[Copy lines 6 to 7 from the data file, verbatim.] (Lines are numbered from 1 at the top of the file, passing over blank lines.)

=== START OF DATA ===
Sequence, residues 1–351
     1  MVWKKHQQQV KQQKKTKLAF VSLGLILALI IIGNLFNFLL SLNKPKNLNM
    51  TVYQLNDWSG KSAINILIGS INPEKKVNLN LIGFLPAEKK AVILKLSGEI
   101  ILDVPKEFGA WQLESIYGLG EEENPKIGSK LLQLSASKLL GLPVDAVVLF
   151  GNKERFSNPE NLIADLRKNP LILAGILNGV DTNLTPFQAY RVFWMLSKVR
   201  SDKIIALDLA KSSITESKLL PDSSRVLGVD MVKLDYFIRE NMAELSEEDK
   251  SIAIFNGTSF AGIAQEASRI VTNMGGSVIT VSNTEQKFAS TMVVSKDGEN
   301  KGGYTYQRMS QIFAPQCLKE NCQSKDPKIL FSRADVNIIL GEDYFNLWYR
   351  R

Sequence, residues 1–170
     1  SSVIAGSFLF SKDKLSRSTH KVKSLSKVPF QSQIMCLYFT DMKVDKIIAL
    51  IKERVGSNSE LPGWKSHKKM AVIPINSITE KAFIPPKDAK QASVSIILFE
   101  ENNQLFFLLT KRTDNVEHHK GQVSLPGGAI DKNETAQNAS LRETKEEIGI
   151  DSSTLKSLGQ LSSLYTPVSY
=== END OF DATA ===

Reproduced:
   201  SDKIIALDLA KSSITESKLL PDSSRVLGVD MVKLDYFIRE NMAELSEEDK
   251  SIAIFNGTSF AGIAQEASRI VTNMGGSVIT VSNTEQKFAS TMVVSKDGEN